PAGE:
Correspondence from Chris Wakefield:
Aggregate Industries’ quarrying plans for Straitgate Farm (Ottery St Mary) will shortly stagger to a final reckoning at DCC on December 1st. As planning applications go, this one features such a wealth of shortcomings and unanswered questions that Councillors due to pronounce on it are spoilt for choice in how to condemn it. The most glaring contradiction lies between Devon’s declared climate emergency and AI’s incomprehensible plan to haul up to 1.5 million tonnes of Straitgate gravel (20% of which is useless waste anyway) 23 miles to Hillhead for processing – a plan about as sensitive to the climate emergency as the felling of rain forest. By any rational planning process this alone would render the application dead in the water, but institutional inertia in Devon County’s climate emergency response, its habitual resort to greenwash, and the inadequacy of a planning system built for a pre-climate crisis era could be enough, despite its obvious inadequacies, to violate the fundamental moral imperative to reject it.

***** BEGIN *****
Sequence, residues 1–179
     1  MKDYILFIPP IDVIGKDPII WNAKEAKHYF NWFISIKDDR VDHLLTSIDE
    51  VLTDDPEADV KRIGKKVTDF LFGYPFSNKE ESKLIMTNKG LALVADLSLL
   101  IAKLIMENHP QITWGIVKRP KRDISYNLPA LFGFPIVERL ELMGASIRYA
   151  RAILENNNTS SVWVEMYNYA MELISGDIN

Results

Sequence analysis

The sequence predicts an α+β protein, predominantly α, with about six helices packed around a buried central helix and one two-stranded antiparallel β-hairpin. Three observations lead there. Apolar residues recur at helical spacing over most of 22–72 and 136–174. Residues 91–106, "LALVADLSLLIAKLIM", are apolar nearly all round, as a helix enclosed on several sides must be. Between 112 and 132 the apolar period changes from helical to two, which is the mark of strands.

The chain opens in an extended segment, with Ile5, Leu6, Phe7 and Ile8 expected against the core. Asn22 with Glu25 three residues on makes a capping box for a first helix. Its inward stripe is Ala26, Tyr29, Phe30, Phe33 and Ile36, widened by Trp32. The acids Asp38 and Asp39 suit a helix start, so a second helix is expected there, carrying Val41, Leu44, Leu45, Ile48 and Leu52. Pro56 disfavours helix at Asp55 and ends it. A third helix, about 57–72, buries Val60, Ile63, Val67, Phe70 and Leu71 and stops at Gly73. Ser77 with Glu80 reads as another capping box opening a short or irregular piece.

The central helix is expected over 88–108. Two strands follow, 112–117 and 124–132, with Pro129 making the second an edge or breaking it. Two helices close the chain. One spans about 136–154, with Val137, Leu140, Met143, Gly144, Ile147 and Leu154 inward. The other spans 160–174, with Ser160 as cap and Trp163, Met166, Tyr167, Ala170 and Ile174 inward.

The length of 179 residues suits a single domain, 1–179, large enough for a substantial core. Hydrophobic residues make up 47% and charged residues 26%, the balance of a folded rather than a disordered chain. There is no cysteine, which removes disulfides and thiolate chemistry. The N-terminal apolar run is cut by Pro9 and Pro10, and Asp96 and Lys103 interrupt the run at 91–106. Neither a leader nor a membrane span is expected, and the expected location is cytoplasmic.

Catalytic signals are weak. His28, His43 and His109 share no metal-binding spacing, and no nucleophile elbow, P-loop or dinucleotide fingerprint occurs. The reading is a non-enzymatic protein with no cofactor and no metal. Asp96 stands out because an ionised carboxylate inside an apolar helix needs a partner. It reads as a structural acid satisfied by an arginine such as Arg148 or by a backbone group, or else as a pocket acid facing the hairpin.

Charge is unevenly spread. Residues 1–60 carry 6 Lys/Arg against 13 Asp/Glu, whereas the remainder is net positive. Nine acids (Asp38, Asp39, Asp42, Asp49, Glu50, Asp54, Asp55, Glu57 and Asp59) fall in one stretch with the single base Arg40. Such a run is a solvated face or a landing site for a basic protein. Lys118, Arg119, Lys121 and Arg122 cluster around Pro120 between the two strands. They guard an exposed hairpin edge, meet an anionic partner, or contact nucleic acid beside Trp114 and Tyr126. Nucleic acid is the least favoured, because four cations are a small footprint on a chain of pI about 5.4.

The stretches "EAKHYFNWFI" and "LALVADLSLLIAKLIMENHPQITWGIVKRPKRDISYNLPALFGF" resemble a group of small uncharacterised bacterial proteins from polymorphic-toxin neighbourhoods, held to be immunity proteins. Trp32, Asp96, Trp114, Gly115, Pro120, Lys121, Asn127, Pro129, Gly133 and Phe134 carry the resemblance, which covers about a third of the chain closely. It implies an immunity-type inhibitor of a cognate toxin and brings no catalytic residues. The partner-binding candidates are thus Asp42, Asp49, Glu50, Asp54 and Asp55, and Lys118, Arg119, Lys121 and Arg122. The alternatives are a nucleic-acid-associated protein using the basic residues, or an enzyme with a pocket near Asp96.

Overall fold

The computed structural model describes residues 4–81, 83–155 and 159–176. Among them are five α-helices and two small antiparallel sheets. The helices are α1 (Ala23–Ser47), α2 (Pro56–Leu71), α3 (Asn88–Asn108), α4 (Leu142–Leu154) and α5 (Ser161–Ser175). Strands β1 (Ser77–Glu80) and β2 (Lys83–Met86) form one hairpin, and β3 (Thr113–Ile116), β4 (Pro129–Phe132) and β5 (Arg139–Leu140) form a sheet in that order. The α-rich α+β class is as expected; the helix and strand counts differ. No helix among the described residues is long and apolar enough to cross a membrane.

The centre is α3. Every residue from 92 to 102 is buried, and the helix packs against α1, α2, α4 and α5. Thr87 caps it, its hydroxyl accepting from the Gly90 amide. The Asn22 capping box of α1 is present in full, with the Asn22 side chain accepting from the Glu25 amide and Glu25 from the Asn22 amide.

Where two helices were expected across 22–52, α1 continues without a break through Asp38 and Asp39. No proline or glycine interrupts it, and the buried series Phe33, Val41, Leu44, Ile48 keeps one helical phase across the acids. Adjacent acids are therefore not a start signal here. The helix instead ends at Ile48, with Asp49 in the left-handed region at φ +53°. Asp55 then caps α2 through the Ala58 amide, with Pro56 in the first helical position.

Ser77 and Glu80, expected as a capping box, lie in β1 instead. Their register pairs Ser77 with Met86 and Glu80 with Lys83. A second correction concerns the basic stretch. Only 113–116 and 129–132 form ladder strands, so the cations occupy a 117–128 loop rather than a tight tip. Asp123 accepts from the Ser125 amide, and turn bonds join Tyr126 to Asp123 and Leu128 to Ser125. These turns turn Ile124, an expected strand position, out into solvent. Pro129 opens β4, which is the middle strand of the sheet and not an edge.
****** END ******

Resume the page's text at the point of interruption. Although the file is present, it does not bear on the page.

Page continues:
I think I’m too old to contemplate sticking my face to the road in protest (doesn’t appeal much anyway), but this is in my manor, and I am disturbed that my local authority might not rise to the occasion, even to protect our shared living environment.
The writer Ben Okri says he must ‘write as if these are our last days’. I agree that a sense of extreme emergency is immensely important, because these could be our last days – unless we are all prepared to take appropriate action. If our elected representatives don’t feel that urgency – and the moral responsibilities that come with it – they’re in the wrong job.